It Happened in Hollywood (1937)

The following is a transcript of my presentation at the Park Ridge Public Library on April 6, 2017. Prior to the film, we screened the Boy Meets Girl trailer, the cartoon “Felix in Hollywood,” and a Three Stooges short, “Movie Maniacs.” The remaining films in “Movies About Movies” include: Boy Meets Girl (April 13), Sullivan’s Travels (April 27), In a Lonely Place (May 11), and The Bad and the Beautiful (May 25).

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It Happened in Hollywood (1937) is the story of a silent movie cowboy star, Tim Bart, who makes an unsuccessful transition into talking pictures. His longtime co-star, Gloria Gay, has better success. When he is offered a small role in one of her gangster movies, Tim decides to walk off rather than taint his heroic image. After one of his young fans shows up unexpectedly on his doorstep, Tim tries to find a way to live up to the boy’s expectations despite being out of work.

It Happened in Hollywood is an almost unknown B movie that nicely fits into our “Movies About Movies.” The film is mostly remembered for being one of the writing credits of Sam Fuller, twelve years before directing his first film. Fuller would become one of the great maverick directors, so it’s interesting to find an early film with his name attached. However, there is more to this movie than simply that. Hollywood’s transition to talking motion pictures and its effect on the stars would be covered many years later in such classics as Sunset Boulevard and Singin’ in the Rain, but with It Happened in Hollywood, we have a depiction of the sound revolution that was much closer in time to the real event. Though the story requires some suspension of disbelief, the actual moviemaking scenes ring true and feel authentic. Of particular resonance is the plight of Tim Bart, a sort of Tom Mix hero now lost in a newfangled world of microphones and dialogue.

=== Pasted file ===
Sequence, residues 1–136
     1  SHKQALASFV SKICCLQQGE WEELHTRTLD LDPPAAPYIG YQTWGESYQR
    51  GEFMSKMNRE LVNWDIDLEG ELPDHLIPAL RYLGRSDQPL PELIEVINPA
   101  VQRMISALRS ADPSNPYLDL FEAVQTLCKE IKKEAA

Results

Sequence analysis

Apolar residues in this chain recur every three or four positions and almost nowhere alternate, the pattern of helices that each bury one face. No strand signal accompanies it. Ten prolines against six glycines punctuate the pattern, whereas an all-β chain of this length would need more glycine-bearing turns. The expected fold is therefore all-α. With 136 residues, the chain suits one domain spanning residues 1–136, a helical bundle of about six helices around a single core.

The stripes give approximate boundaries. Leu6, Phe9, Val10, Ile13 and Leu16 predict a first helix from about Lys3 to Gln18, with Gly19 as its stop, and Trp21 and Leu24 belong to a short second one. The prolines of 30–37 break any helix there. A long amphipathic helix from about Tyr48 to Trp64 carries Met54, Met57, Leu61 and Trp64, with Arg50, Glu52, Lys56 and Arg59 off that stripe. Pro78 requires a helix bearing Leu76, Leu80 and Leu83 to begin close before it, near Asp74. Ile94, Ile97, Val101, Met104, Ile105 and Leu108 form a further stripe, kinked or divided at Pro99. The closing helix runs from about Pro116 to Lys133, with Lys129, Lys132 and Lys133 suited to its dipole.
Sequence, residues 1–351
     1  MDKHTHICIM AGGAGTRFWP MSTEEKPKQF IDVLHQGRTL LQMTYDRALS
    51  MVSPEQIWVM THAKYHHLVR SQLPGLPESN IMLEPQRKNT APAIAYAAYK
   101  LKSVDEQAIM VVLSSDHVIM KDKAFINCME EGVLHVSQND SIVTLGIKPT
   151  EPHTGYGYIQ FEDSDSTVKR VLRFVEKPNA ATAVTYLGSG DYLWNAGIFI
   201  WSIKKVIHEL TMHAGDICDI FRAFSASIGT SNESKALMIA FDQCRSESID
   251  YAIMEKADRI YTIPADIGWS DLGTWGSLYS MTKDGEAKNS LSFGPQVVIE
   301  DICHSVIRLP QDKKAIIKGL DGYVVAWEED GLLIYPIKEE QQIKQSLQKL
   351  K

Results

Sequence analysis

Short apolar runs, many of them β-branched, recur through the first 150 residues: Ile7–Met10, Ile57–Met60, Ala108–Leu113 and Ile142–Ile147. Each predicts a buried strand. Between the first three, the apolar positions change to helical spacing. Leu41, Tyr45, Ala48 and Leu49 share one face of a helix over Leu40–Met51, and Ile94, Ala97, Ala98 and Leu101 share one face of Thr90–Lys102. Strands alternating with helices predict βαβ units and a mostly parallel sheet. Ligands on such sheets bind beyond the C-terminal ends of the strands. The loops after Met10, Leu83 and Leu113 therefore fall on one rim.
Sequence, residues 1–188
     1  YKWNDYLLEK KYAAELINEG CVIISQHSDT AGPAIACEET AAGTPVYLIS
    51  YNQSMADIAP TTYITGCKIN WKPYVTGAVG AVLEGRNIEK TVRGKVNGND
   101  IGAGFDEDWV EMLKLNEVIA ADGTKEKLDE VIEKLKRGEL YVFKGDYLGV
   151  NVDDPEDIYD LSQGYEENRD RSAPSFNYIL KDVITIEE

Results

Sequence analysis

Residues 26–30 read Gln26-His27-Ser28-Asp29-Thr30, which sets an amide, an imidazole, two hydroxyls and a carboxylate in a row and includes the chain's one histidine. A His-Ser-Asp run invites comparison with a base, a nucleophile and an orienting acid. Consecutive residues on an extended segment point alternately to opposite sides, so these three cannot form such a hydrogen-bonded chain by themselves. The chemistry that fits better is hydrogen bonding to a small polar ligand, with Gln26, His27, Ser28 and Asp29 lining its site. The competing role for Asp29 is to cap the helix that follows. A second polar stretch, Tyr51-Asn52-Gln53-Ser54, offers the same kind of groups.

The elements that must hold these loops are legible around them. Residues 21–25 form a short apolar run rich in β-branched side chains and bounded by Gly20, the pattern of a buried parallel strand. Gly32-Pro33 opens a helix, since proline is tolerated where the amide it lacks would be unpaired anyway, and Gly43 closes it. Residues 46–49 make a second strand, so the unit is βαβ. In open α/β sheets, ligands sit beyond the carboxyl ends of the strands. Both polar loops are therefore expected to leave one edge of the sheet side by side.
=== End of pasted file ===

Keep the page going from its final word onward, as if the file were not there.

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Richard Dix portrays cowboy hero Tim Bart. Dix himself had been a silent star who had appeared in Westerns, but unlike the character in the film, he was able to make the transition into “talkies.” He often played the rugged hero in movies and was cast in such silent classics as 1923’s The Ten Commandments. One of his best-known films is 1931’s Cimarron, which won the Academy Award for Best Picture. Dix, who starred opposite Irene Dunne in this film, was nominated for Best Actor, although it’s far from his best performance. He had an easygoing quality that made his acting seem natural and effortless. It’s hard not to like Richard Dix. I discovered him on the late late movie when Channel 7 used to run all the old RKO titles like The Lost Squadron and Hell’s Highway. Prior to making It Happened in Hollywood, his previous three films were called: Devil’s Squadron, The Devil’s Playground, and The Devil is Driving. Though tonight’s film wasn’t called The Devil in Hollywood, the billboard advertising Gloria Gay’s first talking movie is called The Devil’s Doorway, and there’s a later reference to a film called Devil’s Paradise!

By the mid-1940s, Dix had returned to Columbia where he starred in some exceptional, low-budget mysteries in the Whistler series. Dix played a different character in each film, and fans of film noir will appreciate this series of programmers. There were a total of eight films, but Dix only appeared in the first seven. His last, The Thirteenth Hour, was his final screen credit. Dix died in 1949 at the age of 56. Outside of film circles, Dix is mostly forgotten, but he left behind some great work that deserves more recognition.

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Another favorite of ours is Fay Wray, who plays Gloria Gay. She’s one of the main reasons why I chose this B movie instead of another. Like Richard Dix, Fay Wray had gotten her start in silent movies and made a name for herself at Paramount where she was featured in Erich von Stroheim’s The Wedding March. She made the rounds at various studios, but it would be at RKO where she’d find immortality when she was cast as Ann Darrow in 1933’s King Kong. Wray appeared in horror films and was one of the most famous of scream queens. She retired from acting in 1942 but later returned and made the transition into television. Her last credit was a made-for-television film in 1980. Fay Wray was later offered the role of “Old Rose” in James Cameron’s Titanic, which she turned down. She also declined Peter Jackson’s offer to have a cameo in his King Kong remake. Wray passed away in 2004 at the age of 96.